This record establishes that defendants was not advised by the court of his right to counsel. That issue was not complained of as error in defendant's post-trial motion filed by his attorney, and is therefore waived. (People v. Touhy, 31 Ill.2d 236, 240.) Strict application of the waiver concept should be relaxed, however, because the alleged diversity of opinion among the districts of the appellate court warrants adjudication of that issue by this court.

Section 113-3 of the Code of Criminal Procedure (Ill. Rev. Stat. 1967, ch. 38, par. 113-3(a),(b), formerly par. 730,) provides:

"(a) Every person charged with an offense shall be allowed counsel before pleading to the charge. If the defendant desires counsel and has been unable to obtain the same before arraignment the court shall recess court or continue the cause for a reasonable time to permit defendant to obtain counsel and consult with him before pleading to the charge.

"(b) In all cases, except where the penalty is a fine only, if the court determines that the defendant is indigent and desires counsel, the Public Defender shall be appointed counsel * * *. [Alternate appointment specified.]" (Emphasis supplied.)

It is patent from the plain words of the statute that this statute envisages that there be a showing that defendant desired and requested counsel. The evidence and contentions here show no such desire or request by defendant. Therefore we perceive no violation of this provision of the Code of Criminal Procedure.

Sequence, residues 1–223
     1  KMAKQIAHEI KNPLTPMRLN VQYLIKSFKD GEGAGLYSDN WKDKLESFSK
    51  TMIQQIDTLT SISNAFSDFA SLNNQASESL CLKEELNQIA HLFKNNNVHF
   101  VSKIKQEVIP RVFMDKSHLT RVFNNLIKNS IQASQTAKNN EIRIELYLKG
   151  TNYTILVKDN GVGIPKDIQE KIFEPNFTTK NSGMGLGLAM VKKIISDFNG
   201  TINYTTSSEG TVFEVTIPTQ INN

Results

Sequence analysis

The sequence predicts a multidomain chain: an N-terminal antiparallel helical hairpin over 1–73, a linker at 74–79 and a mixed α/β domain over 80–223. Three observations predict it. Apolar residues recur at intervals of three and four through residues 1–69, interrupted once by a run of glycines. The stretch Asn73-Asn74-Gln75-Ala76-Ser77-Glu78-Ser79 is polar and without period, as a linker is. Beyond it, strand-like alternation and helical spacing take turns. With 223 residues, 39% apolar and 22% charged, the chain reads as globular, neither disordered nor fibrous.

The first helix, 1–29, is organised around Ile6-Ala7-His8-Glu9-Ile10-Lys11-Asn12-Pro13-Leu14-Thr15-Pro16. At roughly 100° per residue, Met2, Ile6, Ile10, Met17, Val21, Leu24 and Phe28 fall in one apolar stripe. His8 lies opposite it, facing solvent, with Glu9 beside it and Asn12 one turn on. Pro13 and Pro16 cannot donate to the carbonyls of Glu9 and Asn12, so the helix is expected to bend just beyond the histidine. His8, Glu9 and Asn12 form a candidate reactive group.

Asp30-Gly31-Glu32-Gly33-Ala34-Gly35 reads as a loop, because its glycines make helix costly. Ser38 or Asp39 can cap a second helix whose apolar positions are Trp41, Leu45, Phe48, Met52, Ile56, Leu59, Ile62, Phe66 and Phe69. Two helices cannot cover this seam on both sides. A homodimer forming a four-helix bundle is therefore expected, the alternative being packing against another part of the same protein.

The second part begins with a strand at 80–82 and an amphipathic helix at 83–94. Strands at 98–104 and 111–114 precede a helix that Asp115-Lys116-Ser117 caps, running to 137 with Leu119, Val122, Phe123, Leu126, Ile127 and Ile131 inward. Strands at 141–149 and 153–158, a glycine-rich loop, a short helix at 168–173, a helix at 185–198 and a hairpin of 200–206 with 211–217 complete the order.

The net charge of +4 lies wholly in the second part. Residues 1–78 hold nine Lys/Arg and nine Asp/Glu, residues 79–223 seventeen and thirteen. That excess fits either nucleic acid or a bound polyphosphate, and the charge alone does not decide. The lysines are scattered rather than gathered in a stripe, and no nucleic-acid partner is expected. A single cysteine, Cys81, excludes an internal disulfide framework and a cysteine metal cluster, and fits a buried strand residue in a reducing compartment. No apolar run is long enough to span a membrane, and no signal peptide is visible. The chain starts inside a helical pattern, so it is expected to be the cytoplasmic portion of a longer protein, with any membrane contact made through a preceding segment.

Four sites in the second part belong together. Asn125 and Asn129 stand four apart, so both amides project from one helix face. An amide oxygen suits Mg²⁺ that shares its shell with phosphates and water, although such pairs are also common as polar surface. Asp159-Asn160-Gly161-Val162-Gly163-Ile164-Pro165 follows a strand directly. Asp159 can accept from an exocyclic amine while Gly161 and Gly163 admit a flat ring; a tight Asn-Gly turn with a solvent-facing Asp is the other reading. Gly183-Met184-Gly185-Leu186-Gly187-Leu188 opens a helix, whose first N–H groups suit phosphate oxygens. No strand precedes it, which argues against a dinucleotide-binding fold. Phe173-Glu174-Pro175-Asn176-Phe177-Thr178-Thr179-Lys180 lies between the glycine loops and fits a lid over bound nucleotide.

The rights delineated in the foregoing section 113-3 of the Code of Criminal Procedure are further qualified by Supreme Court Rule 401(b), formerly Rule 26(3). (Ill. Rev. Stat. 1967, ch. 110A, par. 401(b).) That rule provides: "The court shall not permit a * * * waiver of * * * counsel by any person accused of a crime for which, upon conviction, the punishment may be imprisonment in the penitentiary, unless the court finds from the proceedings had in open court at the time waiver is sought to be made * * * that the accused * * * understands he has a right to counsel, and understandingly waives that right. The inquiries of the court, and the answers of the accused to determine whether he understands his rights * * * to be represented by counsel * * * shall be taken and transcribed and filed in the case. The transcript, when filed, becomes a part of the common-law record in the case."

The crime with which defendant here is charged is "battery," defined as a misdemeanor, and subject to a maximum sentence of six months in a penal institution, "other than the penitentiary," and a $500 fine. (Ill. Rev. Stat. 1967, ch. 38, par. 12-3.) The clear implication of Supreme Court Rule 401(b) requiring express waiver of counsel only for offenses punishable by imprisonment in the penitentiary is that no such express waiver is required for offenses not punishable by penitentiary confinement as involved here.